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In Windows 7 Essential Training, David Rivers helps users of any level feel comfortable with the improvements and enhancements found in Microsoft's operating system. From simple navigation through the updated graphic user interface, David shows how to install or upgrade and get the most out of Windows 7. He covers using the new Internet Explorer 8 and boosting a computer's memory with the ReadyBoost tool. He also highlights hardware configuration options and explores the advances made connecting a home or work system with Windows Live, the cloud-computing environment made available for Windows 7 users. Exercise files accompany this course.
When upgrading to Windows 7 from other versions of Windows wouldn't it be nice if you could keep all of your programs, all of the files you've created using those programs, even some of the settings that you've saved in that previous version of Windows? Well in many instances, that will be the case. However, because there are different editions and different versions of those editions, you may run into issues where you need to perform a custom installation. So, we're going to examine those scenarios now. Let's start with Windows XP and the Vista Starter Edition.
If you're going to be upgrading to Windows 7 from either of those two, you will need to perform a custom installation. What does that mean? Well, you're going to need to back up all of your files. You'll need to remember your settings, so you can apply them in Windows 7 and you'll need to reinstall the programs you were running in Windows XP or Vista, in Windows 7. So a Custom Installation can be a little bit of work but it's definitely doable. Now, let's talk about upgrading from the different versions of Windows Vista.
You will see them down the left-hand side of his table. If you've got the Windows Vista Home Basic edition, and you're going to be upgrading to Windows 7, upgrading to the Home Premium or Ultimate Editions will allow you to do that In-Place Upgrade. That means you won't have to worry about backing up your files although you'll probably want to, just in case. But your files will be saved, the programs you've installed they'll be there. Even some of the settings that you've applied in Windows Vista Home Basic, will appear in Windows 7.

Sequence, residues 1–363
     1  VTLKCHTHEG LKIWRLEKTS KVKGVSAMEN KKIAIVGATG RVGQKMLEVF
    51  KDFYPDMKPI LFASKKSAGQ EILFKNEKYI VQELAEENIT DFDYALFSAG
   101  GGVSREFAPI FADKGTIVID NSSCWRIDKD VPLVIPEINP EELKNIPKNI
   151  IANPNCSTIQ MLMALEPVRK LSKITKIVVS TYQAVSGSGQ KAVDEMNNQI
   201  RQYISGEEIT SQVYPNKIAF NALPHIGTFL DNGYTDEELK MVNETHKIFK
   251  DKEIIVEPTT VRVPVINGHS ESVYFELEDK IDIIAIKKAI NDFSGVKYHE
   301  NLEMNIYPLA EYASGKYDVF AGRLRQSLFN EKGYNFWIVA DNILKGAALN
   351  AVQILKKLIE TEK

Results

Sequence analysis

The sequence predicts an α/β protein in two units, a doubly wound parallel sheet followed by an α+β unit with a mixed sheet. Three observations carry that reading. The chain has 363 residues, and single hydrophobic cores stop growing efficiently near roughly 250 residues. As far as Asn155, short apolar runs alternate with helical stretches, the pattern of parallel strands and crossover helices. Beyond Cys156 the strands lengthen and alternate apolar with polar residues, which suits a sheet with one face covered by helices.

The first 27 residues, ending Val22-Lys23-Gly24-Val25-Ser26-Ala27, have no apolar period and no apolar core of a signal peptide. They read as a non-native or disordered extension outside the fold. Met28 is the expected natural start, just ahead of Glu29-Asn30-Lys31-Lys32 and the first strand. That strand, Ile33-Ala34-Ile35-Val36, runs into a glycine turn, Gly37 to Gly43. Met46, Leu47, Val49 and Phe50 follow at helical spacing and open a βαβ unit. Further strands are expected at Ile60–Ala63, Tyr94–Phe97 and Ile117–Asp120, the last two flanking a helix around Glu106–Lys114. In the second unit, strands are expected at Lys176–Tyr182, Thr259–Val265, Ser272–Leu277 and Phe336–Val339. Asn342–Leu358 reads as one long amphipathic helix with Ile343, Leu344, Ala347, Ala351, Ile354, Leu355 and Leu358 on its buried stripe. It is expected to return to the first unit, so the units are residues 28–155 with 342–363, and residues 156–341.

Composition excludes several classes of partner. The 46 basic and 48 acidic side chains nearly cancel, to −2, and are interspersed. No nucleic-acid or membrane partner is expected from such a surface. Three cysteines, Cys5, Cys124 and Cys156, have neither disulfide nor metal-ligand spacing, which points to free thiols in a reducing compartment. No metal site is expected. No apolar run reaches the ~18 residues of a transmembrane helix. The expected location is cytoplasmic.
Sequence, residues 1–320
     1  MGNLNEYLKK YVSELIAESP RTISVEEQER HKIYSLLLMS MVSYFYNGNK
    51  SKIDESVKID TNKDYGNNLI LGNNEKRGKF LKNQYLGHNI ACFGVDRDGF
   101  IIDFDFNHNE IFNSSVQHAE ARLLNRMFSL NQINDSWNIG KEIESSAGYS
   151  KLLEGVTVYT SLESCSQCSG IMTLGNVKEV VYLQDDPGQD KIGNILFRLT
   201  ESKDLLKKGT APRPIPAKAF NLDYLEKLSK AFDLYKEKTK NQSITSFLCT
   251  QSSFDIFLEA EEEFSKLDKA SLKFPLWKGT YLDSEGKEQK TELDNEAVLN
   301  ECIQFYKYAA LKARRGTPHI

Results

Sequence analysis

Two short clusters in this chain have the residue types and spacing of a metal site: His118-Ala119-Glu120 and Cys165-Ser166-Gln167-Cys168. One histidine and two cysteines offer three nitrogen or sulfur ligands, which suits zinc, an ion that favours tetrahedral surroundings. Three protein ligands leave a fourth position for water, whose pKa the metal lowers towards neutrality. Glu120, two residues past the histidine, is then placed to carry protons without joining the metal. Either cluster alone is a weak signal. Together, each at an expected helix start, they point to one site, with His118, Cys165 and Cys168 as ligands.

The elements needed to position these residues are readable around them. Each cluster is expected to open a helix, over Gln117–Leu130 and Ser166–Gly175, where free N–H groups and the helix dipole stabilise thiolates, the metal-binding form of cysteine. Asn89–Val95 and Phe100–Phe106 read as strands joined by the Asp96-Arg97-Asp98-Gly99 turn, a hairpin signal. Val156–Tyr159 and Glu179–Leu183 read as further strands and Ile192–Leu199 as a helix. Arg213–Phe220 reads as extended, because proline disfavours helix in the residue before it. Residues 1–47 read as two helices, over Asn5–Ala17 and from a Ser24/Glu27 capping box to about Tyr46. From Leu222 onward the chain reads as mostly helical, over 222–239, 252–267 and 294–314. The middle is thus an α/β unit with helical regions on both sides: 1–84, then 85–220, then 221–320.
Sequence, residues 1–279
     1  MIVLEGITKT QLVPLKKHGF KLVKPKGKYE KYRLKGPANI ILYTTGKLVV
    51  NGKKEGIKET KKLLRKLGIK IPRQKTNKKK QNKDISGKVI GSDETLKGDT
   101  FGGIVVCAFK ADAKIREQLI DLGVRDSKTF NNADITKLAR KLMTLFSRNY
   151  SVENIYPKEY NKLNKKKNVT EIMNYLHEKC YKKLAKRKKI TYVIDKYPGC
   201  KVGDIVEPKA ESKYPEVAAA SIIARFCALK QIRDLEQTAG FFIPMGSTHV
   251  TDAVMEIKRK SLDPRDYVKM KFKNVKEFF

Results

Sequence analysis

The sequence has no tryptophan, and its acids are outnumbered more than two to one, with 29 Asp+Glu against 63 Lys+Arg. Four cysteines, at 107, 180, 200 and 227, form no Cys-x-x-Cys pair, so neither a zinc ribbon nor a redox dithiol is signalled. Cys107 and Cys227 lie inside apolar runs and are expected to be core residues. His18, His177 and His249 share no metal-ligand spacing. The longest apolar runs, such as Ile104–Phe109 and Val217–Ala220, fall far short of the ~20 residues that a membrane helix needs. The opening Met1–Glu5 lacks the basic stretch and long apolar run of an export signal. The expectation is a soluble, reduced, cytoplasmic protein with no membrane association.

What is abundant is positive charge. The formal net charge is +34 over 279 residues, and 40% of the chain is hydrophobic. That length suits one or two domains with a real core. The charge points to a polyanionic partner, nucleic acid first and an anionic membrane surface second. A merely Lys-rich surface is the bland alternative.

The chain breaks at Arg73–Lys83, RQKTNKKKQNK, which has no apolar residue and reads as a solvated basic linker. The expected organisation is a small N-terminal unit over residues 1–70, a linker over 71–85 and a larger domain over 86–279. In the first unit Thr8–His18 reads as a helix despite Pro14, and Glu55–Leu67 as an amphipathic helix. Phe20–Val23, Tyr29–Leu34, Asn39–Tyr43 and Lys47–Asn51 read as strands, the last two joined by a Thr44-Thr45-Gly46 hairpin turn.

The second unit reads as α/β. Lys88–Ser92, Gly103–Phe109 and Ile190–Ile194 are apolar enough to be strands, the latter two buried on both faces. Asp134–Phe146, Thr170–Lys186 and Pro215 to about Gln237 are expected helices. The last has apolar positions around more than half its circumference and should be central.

If you're upgrading to Windows 7 Professional however, you'll need to do that custom installation. Do you have the Windows Vista Premium Edition, right now and you plan on upgrading to Windows 7? Well, upgrading to the Home Premium Edition of Windows 7 or the Ultimate Edition will allow you to do that In-Place Upgrade. But again, if you need to go to Windows 7 Professional, you'll be performing a Custom Install. If you're going from Windows Vista Business to Windows 7, well upgrading to Windows 7 Professional or Ultimate allows you to do that In-Place Upgrade.
You'll have to do a Custom Install to upgrade to Windows 7 Home Premium though from the Windows Vista Business Edition. And if you've got Windows Vista Ultimate, you'll have to do a Custom Install to go to Windows 7 Home Premium or Professional but, if you're going from Windows Vista Ultimate to Windows 7 Ultimate, no problem that is In-Place Upgrade. The other thing you'll need to consider is what bit version you're using. In other words, if you've got a 32- bit version of a previous version of Windows, you will need to upgrade to the 32- bit version to be able to that In-Place upgrade.
If you're going from a 32-bit version of Vista to 64-bit version of any of the Windows 7 editions, it's a Custom Install. So keep that in the back of your mind as well when considering the edition you're going to upgrade to.
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